How should a physician go about getting buy-in from partners?

It cannot be stressed enough how important it is to have candid and open communication with all parties. Deals have blown up at the 11th hour or in the red zone (to use a football term) because of trust, when it could have been prevented with better buy-in and consistent OVERcommunication. Some of the pros to selling your surgery center (a huge part of getting partner buy-ins):  Convert future income into today’s dollars with advantageous tax rate-pay capital gains rates today rather than income rates over time. Take money off the table and diversify your investments. Reduce your risk exposure and debt-no one has a crystal ball to see what the future holds, all business ownership carries risk. Better management, contracts, pricing, improved physician recruitment, efficiencies. In some cases you get your life back, meaning someone else is responsible for the IT problems, personal problems, replacing that nurse of office staff, etc. and you can concentrate on practicing medicine. Some of the cons of selling your surgery center are: You are no long the only decision maker; now you have a corporate partner. Have to pay management fees, and in some cases pay even if you are not making a profit. You have to share the future performance of the center. You might have chosen the wrong partner and they may not benefit you long term. You need to speak with the partners and discuss the pros and cons of selling your ambulatory surgery center and keep them informed throughout the process in order to keep that buy-in. This needs to be spoken about early on and not held until later in the process or it can kill the deal. Buyers want partners who are serious about the transaction, can make decisions and know what they want and do not want. Do not wait until you are in the negotiation stage to educate and get the buy-in of your physicians. You do not want them learning about this piecemeal though half-true rumors, which leads to assumptions and...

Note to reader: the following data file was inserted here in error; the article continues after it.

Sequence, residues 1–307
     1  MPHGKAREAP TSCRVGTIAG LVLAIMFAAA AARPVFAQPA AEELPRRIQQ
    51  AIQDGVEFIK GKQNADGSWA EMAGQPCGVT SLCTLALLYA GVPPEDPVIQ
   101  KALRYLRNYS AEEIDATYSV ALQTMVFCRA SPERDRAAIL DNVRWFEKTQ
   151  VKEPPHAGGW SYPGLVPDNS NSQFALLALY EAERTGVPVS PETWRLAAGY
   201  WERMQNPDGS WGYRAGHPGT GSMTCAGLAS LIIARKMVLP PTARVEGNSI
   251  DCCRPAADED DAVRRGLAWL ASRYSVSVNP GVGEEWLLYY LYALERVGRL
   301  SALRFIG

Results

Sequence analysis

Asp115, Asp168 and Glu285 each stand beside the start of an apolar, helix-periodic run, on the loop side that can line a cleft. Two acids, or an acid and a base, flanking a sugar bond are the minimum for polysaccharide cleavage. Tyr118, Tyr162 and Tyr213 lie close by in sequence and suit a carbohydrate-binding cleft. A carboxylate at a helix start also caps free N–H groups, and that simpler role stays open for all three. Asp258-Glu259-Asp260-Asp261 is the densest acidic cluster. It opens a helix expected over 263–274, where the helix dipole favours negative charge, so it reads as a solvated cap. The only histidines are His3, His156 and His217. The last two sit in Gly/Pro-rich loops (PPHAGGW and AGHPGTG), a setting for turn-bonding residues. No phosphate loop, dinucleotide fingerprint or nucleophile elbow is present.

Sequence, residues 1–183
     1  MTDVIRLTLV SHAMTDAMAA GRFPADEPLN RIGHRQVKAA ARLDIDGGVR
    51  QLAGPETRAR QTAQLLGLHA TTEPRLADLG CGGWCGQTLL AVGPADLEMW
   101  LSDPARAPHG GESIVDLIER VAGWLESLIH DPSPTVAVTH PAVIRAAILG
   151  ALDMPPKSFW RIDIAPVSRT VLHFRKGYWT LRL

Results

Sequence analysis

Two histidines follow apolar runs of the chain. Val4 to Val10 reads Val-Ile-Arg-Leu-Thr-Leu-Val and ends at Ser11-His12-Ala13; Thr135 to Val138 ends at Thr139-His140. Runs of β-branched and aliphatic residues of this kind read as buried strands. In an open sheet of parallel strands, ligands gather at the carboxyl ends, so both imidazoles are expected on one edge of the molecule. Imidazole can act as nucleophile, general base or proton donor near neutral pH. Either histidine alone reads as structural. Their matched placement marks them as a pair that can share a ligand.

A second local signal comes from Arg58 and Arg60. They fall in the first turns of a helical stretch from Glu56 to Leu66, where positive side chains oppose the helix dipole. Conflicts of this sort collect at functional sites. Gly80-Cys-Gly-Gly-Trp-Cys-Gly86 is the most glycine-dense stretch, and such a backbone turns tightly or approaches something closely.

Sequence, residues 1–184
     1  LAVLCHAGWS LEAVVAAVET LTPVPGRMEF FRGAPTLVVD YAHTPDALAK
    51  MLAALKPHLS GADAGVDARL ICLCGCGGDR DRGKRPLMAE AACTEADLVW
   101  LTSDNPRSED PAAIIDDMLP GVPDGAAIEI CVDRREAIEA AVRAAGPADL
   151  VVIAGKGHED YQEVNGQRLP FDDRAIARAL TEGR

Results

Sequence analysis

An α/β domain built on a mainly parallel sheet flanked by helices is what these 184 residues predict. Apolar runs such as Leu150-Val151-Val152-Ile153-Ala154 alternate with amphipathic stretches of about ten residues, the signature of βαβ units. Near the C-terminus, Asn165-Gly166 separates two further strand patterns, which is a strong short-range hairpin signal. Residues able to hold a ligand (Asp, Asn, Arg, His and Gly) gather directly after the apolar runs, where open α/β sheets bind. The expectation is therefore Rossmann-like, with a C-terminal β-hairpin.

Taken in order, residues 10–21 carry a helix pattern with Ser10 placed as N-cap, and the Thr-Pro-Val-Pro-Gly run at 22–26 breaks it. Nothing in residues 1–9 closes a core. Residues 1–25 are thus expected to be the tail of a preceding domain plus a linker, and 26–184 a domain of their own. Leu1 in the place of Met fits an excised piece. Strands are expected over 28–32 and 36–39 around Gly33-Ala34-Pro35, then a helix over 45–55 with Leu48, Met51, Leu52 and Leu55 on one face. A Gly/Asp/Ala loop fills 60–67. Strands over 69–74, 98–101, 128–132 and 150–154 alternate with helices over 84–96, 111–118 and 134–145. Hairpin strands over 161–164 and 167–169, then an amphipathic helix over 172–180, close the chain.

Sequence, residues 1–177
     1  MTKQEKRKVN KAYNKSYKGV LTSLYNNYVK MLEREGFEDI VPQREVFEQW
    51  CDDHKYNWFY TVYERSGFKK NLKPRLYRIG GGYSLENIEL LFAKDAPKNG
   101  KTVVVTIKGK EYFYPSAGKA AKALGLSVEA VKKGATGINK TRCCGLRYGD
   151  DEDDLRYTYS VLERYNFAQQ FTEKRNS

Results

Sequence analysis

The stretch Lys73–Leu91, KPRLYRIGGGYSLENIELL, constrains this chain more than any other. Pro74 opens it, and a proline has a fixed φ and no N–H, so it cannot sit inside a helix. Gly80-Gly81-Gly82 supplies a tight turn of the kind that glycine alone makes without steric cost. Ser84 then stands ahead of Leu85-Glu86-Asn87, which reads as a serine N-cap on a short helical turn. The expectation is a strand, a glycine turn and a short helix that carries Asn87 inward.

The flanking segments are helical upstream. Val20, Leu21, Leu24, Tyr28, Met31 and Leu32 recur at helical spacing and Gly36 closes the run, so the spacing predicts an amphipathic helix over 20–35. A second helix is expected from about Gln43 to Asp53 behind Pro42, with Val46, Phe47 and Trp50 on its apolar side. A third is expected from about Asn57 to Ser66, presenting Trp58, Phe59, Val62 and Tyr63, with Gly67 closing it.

What are some typical deal killers and how should an ASC address them early on?

Here are some things that kill deals: Time – taking too long (addressed by being very prepared when selling your surgery center) Not knowing what you want (unable to make a decision) Unrealistic expectations Not knowing the market Arguing over positions rather than working to find a way to get the deal done Not having your physician partners bought in Not having open communication (kills the trust factor) Not disclosing potential snags early on or trying to hide issues – buyers will find out all the problems during the due diligence process and then the seed of doubt could creep in Coming to an agreement on deals terms then wanting to change them later For example, one client seller got information from their lawyer that the prevailing multiple for surgery centers was 5-7 times. The problem was that the lawyer understood that it was 5-7 times of EBITDA for 50% of the company. Think about that: 5-7 x of 100% of EBITDA for 50%, which in reality would have made it 10-14 times EBITDA. We had an early LOI come in that we thought would be solid with some negotiating, but because it was not 10-14x, the main selling doc dismissed it as a bad offer and did not want to discuss it. We spent the next 4 months collecting other offers and speaking with other buyers just to allow the market to educate the client. Luckily we knew that the first LOI was solid and continued to engage the buyer to keep them engaged and wanting the deal because we ended up selling to that buyer. Know the market because not knowing kills...